google-site-verification: google17a9d9ae14f90c1e.htmlA Dad’s Story: Raising a child with ADHD | Skhumbuzo Foundation

I saw my son as being different. It was difficult for me to accept that he often didn’t complete his schoolwork.  He didn’t colour in the lines and he had difficulty with his pencil grip. Sometimes he would be totally disinterested and distracted doing certain activities. On the other hand, he would also be extremely passionate and fully engaged in tasks that interested him. If you gave him an electronic device or gadget, he could master how it worked in no time at all – you wouldn’t even know that he was there! 

Homework was a totally different story though. He struggled to read an easy word like “and” but could recognize the word “because”. As a teacher, I questioned how he couldn’t read the easy word but was able to identify the difficult word.

Looking back now, I’m embarrassed to admit that I was comparing my son who was a primary school learner then to the high school learners that I was teaching.  I would say horrible stuff to him sometimes because I felt that his inabilities reflected on me as a teacher when he couldn’t grasp what I was explaining to him.

I wanted to explain something only once or twice and expected him to understand and follow my instructions. I would raise my voice and become very impatient with him. This obviously didn’t help him (or my blood pressure). I thought he was as lazy some of the learners in my class who couldn’t sit still and focus for long periods.

My attitude changed towards the “lazy and disruptive” children who I taught when our son was diagnosed with ADHD. I’d been teaching for a while at this stage and “knew” about ADHD and that some of these kids were on medication. However, I always saw them as children with behavioural problems who chose to act out.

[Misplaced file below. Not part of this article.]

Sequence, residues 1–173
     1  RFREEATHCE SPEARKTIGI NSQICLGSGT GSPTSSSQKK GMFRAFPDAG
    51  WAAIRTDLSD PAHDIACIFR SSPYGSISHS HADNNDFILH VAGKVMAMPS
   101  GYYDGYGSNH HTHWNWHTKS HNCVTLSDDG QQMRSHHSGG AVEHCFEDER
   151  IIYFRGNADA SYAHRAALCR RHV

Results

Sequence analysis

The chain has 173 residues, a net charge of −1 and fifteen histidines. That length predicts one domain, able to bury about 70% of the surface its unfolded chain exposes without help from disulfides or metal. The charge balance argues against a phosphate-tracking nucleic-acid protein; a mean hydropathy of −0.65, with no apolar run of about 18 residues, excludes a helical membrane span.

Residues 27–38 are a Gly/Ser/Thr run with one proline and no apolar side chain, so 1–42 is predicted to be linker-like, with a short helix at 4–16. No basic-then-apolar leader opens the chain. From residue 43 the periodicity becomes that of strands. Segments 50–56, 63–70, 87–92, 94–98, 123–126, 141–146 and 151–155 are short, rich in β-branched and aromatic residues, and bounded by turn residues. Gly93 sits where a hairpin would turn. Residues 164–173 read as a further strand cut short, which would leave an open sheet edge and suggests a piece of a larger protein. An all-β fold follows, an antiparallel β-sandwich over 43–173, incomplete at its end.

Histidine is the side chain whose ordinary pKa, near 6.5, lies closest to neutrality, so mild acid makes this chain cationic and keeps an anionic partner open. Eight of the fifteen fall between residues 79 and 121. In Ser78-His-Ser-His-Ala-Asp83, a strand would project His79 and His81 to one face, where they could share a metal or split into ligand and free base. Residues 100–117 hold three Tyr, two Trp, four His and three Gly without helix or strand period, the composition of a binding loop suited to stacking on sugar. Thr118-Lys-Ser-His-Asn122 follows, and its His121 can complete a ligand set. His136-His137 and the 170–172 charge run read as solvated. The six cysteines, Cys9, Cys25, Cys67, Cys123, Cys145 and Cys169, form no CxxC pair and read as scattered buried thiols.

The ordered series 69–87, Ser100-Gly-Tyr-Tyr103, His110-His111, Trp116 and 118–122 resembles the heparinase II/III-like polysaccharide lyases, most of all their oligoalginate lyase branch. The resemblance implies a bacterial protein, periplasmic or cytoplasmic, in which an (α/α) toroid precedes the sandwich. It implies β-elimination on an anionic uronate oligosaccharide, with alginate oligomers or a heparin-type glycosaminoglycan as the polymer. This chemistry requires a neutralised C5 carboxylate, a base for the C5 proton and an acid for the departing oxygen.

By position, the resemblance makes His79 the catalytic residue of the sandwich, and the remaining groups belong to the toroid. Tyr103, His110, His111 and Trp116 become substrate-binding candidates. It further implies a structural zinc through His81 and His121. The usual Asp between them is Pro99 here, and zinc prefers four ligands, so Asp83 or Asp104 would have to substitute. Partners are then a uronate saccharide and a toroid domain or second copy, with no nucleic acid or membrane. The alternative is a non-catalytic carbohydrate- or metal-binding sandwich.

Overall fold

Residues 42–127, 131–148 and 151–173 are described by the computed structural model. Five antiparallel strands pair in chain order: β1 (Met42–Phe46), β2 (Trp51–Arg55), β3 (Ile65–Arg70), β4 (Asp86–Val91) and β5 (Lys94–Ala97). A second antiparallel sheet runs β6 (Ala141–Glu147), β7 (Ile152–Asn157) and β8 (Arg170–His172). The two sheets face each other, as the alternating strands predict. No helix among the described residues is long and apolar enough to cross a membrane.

Our son’s diagnosis allowed me to have a better understanding of children with ADHD. They certainly, didn’t choose to be restless in my class or not fully focused on their work. Our son comes from a stable home with two loving parents, and I realised that I needed to change my mindset. I had to stop blaming the children’s parents or their home circumstances for their behaviour.

I wanted my son’s teachers to be patient and supportive with him and not to label him. As a result, I had to stop labeling the children in my class because their behavior was not always something that they could control.

It’s important to talk to other parents whose children are diagnosed with ADHD, but also remember what works for them will not necessarily work for your child. Having a child with ADHD doesn’t have to be a lonely journey. More importantly, understand that your child is not alone and that he or she isn’t different or bad.  My son is normal; maybe not everyone else’s idea of normal but he’s, my child. Travelling this ADHD journey has taught me to embrace his shortcomings and accept him for the beautiful boy he is.

Don’t be afraid to challenge people when they make uninformed opinions about children with ADHD – it’s our job to educate them, but to be able to do this, we need to educate ourselves first. Read articles about ADHD and share your knowledge with others.

Don’t ever fall into the trap of comparing your child to any other child or with your own children. Remember that they are individuals and reach their milestones at different stages. You place your child under unnecessary pressure when you make comparisons about their development.  Embrace and celebrate their achievements – no matter how small. Their world has over enough pressure so don’t add to their stress by using other peoples’ successes or achievements as a yardstick.

We learnt that our son needed boundaries and clear instructions – sometimes having to repeat the same instruction over, and over again. Structure and routine are also a priority, and practicing patience and self-control helps when you’re feeling overwhelmed. Look for the silver lining because children with ADHD often surprise you with their hidden talents and giftedness.

The End

Thanks to – Hilton Gordon-Smit

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